Sure. I hereby release them to the public domain.

  • Mark Nichol

    Joan:

    P.S.: But encourage them to think up or research their own as well.

  • Peter

    If the names aren’t clear cut eponyms, they catch the essence of the characters.

    Which, IMO, is about the worst thing an author can do, aside from flat out bad writing. Unless there’s some explanation for the characters being named according to their jobs or attributes, please don’t do it

  • shirley in berkeley

    Peter –

    What I meant to say was, “While the Dickens names above are not eponyms, they DO catch the essence of the characters.”

    Does this address your objection?

  • Stephen Thorn

    Mark, I agree with your concept that veiled eponyms can be both fun (for writer and reader) and illustrative. Years ago I created a fictional mental hospital for dangerous and severaly disturbed patients and named it Daedalus Institute for the Criminally Insane after the builder of the Labyrinth, which imprisoned the Creten Minotaur in its twisting, seemingly-unending corridors.

    One of the delicious tasks a writer of fiction faces is creating the perfect name for his characters. Names can make or break a character (who would remember Count Darryl [Dracula] or Baron Von Jones [Frankenstein] or Jack, the Guy with a Knife [the Ripper]?) or place in your story, and an appropriate eponym is a handy and clever way to devise a name your reader will remember long after the last page is turned.

  • Peter

    What I meant to say was, “While the Dickens names above are not eponyms, they DO catch the essence of the characters.”

    Does this address your objection?

    No…that’s exactly what I was objecting to 🙂 Real people don’t have names that “capture their essence”. When characters in a story do, it’s disconcerting…I spend more time wondering why they happen to have developed attributes (profession, etc.) that match their name than reading the story 🙂 (If it’s explainable, such as a spy’s code name, etc., as mentioned above, that’s OK…)

    (Though, FWIW the Roman orator’s name, “Cicero,” is a similar thing; it means “garbanzo bean”, in reference to a growth on the nose of one of his ancestors…but if an author had made it up, given him the eponymous growth, and then given his family that name from before he was born, that would bother me — how did they know he was going to have the growth in the future?)

    who would remember Count Darryl [Dracula] or Baron Von Jones [Frankenstein] or Jack, the Guy with a Knife [the Ripper]?)

    Well, “von Jones” would be pretty memorable…and if “Mack the Knife” works, why not “Jack”? 🙂

  • shirley in berkeley

    Oh, Peter, what can I say. Dickens did it for the fun of it, and his books are meant to entertain. Even so, FWIW, I think he wouldn’t have been too crazy about all the smiley faces.

  • Terry A McNeil

    Nice to know one is slowly becoming extinct, and that folks have no idea about the infamous legacy of Mr.Hoyle.

    I use the expression “according to Hoyle” often and it is never questioned. Not one person has yet asked about the whereabouts of the wise, noble and highly-regarded Mr Hoyle. Such an edge to have this fellow at your beckon call with retort in tenuous negotiations.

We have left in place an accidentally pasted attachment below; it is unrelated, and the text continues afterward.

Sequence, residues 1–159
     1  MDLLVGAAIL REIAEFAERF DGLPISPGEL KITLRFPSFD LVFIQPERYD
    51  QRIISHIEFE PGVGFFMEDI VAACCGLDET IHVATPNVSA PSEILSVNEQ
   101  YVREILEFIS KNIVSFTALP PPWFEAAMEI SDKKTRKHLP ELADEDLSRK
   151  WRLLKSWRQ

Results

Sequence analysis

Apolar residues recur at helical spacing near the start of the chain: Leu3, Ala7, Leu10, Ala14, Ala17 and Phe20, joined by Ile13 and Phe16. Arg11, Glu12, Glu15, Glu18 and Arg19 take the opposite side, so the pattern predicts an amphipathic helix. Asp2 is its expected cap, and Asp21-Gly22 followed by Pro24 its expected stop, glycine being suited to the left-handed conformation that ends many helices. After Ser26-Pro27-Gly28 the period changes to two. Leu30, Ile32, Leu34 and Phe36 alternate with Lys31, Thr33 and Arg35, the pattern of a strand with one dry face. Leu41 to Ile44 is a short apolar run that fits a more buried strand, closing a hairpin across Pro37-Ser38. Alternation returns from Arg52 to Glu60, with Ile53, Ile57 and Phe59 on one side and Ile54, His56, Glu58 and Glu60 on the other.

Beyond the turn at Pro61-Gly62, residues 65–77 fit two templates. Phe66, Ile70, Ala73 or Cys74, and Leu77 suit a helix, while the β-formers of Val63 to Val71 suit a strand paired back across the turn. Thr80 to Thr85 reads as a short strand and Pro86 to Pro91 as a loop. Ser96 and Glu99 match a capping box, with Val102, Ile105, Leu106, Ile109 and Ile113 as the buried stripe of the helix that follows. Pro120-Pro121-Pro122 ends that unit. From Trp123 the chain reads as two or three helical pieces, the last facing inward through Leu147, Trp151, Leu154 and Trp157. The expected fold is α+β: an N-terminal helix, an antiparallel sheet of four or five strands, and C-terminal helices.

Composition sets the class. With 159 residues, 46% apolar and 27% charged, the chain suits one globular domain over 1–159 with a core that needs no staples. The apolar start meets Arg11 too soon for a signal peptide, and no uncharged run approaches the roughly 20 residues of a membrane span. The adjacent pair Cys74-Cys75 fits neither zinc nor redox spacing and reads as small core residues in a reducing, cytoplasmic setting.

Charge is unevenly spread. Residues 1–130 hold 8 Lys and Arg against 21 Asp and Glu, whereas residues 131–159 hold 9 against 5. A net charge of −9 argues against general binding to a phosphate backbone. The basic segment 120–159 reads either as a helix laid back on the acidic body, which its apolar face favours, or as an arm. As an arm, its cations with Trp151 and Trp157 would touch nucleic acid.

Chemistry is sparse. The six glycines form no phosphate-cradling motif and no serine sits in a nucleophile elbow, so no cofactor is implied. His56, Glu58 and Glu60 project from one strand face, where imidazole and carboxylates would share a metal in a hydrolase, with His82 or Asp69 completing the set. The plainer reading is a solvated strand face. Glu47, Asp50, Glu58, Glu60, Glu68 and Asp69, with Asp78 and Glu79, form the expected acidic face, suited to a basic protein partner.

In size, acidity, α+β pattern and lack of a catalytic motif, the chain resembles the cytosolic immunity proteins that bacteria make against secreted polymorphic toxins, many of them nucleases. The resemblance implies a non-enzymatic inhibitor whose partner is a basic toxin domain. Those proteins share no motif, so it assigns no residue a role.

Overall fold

However, I think to keep the whereabouts of my long-trusted friend a secret is prudent. And so upon my tomb you may mark and put to rest once and for all the legacy of the wise, noble and highly-regarded Mr Holye. With these revealing words… “The Last Stand…According to Holye”

    Terry
    First Financial Insights Inc.

  • Kirc

    Some people may be geeks but act like dorks once in a while. 🙂

  • Joan

    Peter / Shirley,

    Whether true or veiled eponyms, I agree with Shirley (and apparently many authors) that these types of literary, historical, or biblical allusions are just plain fun. This is what makes their writing interesting, memorable and ‘meaty’

    Though it may be disconcerting to some, it is fiction after all, and we must view it as such. In theatrical productions and film we are asked to ‘suspend disbelief’ when something seems too outragious, obvious, or contrived.

    And speaking as an English teacher, anything to keep the students actively involved in their reading is golden! These types of allusions are great discussion points – a way to connect all great stories in ‘the great conversation’

  • Cecily

    Marvyn Peake (famous for the Gormenghast books) had Dickens’ talent for choosing names that aren’t actually epoynms, but have strange related qualities. China Miéville explained it better than I can:

    “It is in the names, above all, perhaps, that Peake’s strategy of simultaneous familiarising and defamiliarising reaches its zenith; Rottcodd, Muzzlehatch, Sourdust, Crabcalf, Gormenghast itself… such names are so overburdened with semiotic freight, stagger under such a profusion of meanings, that they end up as opaque as if they had none. ‘Prunesquallor’ is a glorious and giddying synthesis, and one that sprays images – but their portent remains unclear.”

  • Anna

    Just signed on to DWT, and I am loving it! I know this is an old post, but as an Orthodox Christian I must offer to set the record straight regarding your suggestion of the name Catherine Wheeler: St. Catherine of Alexandria, who was martyred in the early 4th century, is a saint venerated by Catholics but hardly a Catholic saint, since the Roman Catholic Church didn’t exist separately from the Orthodox Church at that time. Her relics are kept at St. Catherine’s (Orthodox) Monastery on Mt. Sinai, and she is venerated by the church as St. (K)Catherine the Great Martyr.